BEDFORD-STUYVESANT — Friends and family gathered Tuesday to mourn the death of Tamecca Haskins, a woman they described as a dedicated Bed-Stuy mom who worked two jobs to give her daughter a better life.
About 100 people carried signs, held candles and wore memorial t-shirts to honor the woman they knew affectionately as "Bunky," who spent her whole life on Lefferts Place between Classon and Franklin avenues and who was killed in a Sunday morning shooting.
"She was always motivated to do more and do better," said her mother, Venita Haskins-Watson. "She had so much to offer."
Haskins, 32, was shot along with a 34-year-old man around 2:30 a.m. Sunday outside 180 Lefferts Place, just steps from another memorial celebration that took place earlier that night for a Lefferts Place man who was shot and killed last year, neighbors said.
Just hours earlier, friends and neighbors said they laughed and partied alongside Haskins at a barbecue for Jason Lewis, a father of three who last January was shot and killed in a Clinton Hill diner after a dispute with another customer.
The barbecue was in celebration of Lewis' birthday, neighbors said.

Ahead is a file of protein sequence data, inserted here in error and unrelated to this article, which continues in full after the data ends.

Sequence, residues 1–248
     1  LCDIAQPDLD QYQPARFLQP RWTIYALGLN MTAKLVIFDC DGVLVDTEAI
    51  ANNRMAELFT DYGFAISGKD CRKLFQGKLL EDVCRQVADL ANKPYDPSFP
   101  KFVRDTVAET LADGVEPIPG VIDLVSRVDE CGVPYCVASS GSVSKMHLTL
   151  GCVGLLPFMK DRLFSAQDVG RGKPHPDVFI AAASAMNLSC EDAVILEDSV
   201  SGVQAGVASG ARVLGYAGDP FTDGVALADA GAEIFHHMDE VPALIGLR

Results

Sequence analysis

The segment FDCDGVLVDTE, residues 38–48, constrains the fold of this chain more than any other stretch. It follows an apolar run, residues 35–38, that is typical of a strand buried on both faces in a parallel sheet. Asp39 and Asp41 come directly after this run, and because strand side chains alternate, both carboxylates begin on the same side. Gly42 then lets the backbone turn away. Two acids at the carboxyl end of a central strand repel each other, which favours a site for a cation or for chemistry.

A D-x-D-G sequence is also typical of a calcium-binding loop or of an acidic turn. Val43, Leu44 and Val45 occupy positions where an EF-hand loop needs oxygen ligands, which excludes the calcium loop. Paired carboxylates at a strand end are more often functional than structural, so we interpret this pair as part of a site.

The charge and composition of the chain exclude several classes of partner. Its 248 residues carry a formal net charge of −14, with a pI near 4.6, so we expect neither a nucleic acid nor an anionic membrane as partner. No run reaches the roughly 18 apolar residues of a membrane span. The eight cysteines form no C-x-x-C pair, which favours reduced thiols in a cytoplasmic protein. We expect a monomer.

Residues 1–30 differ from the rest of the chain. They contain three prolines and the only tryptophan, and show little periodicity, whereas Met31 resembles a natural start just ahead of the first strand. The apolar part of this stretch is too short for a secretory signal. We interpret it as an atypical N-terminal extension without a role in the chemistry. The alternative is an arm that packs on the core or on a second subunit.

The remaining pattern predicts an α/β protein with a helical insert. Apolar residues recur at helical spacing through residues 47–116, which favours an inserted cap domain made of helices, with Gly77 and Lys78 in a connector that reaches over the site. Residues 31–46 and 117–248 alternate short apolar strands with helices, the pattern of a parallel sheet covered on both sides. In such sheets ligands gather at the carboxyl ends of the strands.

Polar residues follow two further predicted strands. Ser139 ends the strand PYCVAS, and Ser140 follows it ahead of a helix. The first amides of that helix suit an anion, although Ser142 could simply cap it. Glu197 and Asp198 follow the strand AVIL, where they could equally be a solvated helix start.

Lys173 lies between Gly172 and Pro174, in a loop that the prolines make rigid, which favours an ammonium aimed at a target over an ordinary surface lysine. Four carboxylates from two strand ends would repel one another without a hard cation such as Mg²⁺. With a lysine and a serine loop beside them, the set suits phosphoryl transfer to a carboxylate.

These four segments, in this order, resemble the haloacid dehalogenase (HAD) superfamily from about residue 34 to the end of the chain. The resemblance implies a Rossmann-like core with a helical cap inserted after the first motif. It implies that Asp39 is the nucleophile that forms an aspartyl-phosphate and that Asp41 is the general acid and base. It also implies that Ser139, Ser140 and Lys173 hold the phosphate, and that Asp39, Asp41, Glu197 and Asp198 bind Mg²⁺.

According to friends and family, Haskins graduated from Long Island University last year and worked two jobs as a respiratory therapist at both the Queens Hospital Center and at a Yonkers children's hospital to support her 7-year-old daughter, Esme.
"She worked two jobs, went back to school, stayed in school, just so her daughter can have a good life," said Chantina Smith, 32, a neighbor and friend. "Everything she did was for her daughter."
"She didn't have any enemies," said her stepfather, Melvin Watson. "She was very motivated, always. Never sat down lazy. And a good mother."
One of those invited to speak, central Brooklyn Councilman Robert Cornegy, urged those in attendance to come forward if they had any details about the investigation, which police said is ongoing.
"There's people out here who care," Cornegy said. "You make a choice, whether you're part of correcting this or standing by watching it take place."
"How do we tell a 7-year-old her mother's not coming home?" Herbert asked. "How do you do that?"
"She wasn't a drug dealer or a gang banger, she was a mother," he added. "So why is she gone?"